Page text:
These straws, which have had their outer ends sealed with glue, act as receptacles for small tubes that contain the blood to be centrifuged.
Once the straws have been loaded, the two discs are attached face to face with Velcro, sandwiching the tubes between them.
For string, Dr. Prakash uses lengths of fishing line, tied at each end around wooden or plastic handles that the spinner holds.
The result, which spins at over 300 revolutions per second (rps) and generates a centrifugal force 10,000 times that of gravity, is able to separate blood into corpuscles and plasma in less than two minutes.
This is a rate comparable to that of electrical centrifuges.
Spinning samples for longer (about 15 minutes is ideal, though that is a lot of effort for a single spinner) can even separate red corpuscles, which may be infected by malarial parasites, from white ones, which cannot be so infected.
The team is now trying the system out for real, to find out what works best, by conducting blood tests for malaria in Madagascar.
Once samples have been separated, they still need to be analysed.
Fortunately, the paperfuge is not the first cheap laboratory instrument Dr. Prakash has invented.
In 2014 he unveiled the "foldscope," a microscope made from a sheet of paper and a small spherical lens.
The foldscope goes on sale this year, but his laboratory has already distributed more than 50,000 of them to people in 135 countries, courtesy of a charitable donation that paid for them.
He plans to ship a million more by the end of 2017.
Putting this together with a paperfuge means it is now possible to separate biological samples and analyze them under a microscope using equipment that costs less than a couple of dollars.
Olé Hook Kitchen Towel Holder
From the website:
The flamenco dancer gets a new dress every time you change the towel.
Attaches to any smooth surface with included double-sided adhesive.
Can be wall-mounted with nail or screw.
9.44'' x 4.92" x 0.6".
$14.90 (towels not included).
January 14, 2017
Owls Through Time — Edward Steed
Batman Bath Ducky
Res ipsa loquitur.
January 13, 2017
Birds in Flight
Barcelona-based Xavi Bou snaps hundreds of photos of birds in flight and stitches them together in Photoshop, compressing several seconds of movement into one frame.
He call the results — exemplars
above and below —
Somewhere Brancusi is smiling.
*órnis means bird in Ancient Greek
NICE UNDERWEAR DOORMAT
January 12, 2017
The center of the Milky Way — in radio color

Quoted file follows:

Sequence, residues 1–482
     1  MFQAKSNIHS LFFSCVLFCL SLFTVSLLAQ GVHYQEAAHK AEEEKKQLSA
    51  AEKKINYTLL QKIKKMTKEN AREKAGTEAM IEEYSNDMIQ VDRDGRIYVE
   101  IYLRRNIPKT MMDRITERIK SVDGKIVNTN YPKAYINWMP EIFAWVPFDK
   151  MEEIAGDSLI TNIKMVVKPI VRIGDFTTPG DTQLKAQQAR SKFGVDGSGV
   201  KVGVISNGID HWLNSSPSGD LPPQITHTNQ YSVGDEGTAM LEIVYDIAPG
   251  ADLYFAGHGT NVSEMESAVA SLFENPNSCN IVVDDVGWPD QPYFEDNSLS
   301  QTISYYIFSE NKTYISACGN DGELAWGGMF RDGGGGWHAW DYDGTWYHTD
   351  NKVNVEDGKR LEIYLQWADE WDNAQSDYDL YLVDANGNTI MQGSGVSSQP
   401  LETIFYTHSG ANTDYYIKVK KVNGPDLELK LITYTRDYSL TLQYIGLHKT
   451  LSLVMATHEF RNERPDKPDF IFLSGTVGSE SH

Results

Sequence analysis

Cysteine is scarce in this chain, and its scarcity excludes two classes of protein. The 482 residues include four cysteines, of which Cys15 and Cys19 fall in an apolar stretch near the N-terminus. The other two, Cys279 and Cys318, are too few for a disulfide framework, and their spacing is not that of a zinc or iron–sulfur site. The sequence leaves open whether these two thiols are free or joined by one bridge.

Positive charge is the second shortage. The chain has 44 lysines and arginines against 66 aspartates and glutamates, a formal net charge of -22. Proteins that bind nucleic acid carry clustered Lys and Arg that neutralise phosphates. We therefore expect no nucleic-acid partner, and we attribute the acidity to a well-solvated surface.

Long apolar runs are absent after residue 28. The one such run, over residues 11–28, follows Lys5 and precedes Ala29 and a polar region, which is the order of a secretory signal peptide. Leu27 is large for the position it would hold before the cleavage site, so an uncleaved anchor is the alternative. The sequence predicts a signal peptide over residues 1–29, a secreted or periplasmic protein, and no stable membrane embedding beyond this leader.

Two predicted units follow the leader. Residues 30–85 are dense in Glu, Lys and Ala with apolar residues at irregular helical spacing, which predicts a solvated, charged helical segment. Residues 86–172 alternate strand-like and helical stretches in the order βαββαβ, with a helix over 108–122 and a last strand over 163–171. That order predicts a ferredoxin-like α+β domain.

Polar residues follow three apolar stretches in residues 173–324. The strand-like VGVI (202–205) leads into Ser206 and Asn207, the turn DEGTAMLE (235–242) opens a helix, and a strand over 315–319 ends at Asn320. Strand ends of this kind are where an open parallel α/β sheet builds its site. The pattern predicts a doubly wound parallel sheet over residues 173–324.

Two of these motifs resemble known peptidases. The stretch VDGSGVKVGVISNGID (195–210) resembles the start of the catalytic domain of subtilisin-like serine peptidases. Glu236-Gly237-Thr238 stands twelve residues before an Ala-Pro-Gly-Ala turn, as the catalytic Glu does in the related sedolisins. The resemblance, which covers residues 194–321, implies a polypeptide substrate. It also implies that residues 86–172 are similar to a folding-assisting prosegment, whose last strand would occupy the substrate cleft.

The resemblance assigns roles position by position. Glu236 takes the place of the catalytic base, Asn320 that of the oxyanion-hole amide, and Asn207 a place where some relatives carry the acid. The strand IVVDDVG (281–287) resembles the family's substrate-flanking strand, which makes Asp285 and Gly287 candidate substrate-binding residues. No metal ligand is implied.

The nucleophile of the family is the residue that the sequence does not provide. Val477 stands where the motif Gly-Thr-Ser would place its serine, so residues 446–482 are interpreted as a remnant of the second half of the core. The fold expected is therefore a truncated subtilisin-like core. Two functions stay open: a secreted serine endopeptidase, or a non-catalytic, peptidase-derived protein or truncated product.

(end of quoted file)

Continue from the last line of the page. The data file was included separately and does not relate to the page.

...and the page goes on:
Use the GLEAMoscope to view the GLEAM survey and the sky at wavelengths other than our visible range.
From the New York Times:
This is the real Technicolor sky.
Imagine if you could put on radio goggles to see the clouds of energy billowing from quasars or the lighthouse blasts from pulsars.
Or X-ray visors to see the spitfire from black holes.
Most of the wonders of the universe are invisible to us without technological help.
Visible light rays, after all, are only a small slice of nature's repertoire of electromagnetic radiation, which ranges from tiny high-energy bites of energy called gamma rays to the long, slow, booming rise and swell of radio waves.
Astronomers from the International Centre for Radio Astronomy Research, in Perth in Western Australia, have produced what they call the GLEAMoscope to dial up visions of the night sky over Australia in whatever kind of light you prefer.
It is based on an interactive graphic called Chromoscope that was produced at Cardiff University, combining data from a raft of astronomical instruments sensitive to different varieties of electromagnetic radiation.
Our home galaxy, the Milky Way, dominates every frame as an edge-on band of energy.
But using the slider, a viewer can choose to see the dull red glow of hydrogen gas throughout space, the twinkling stars and dust clouds of the visible galaxy, the superhot gas vibrating X-rays, the warm infrared glow of dust clouds, and even the spotty, glowing remnants of the Big Bang itself, manifesting as microwave radiation.
The Australian group has added the results of a new survey of the Southern Sky at very long radio wavelengths, called Gleam for the GaLactic and Extragalactic All-Sky M.W.A.
Carried out by a $50 million telescope known as the Murchison Widefield Array near Geraldton, Australia, it cataloged some 300,000 galaxies, the astronomers said, making it one of the largest radio surveys of the sky ever performed.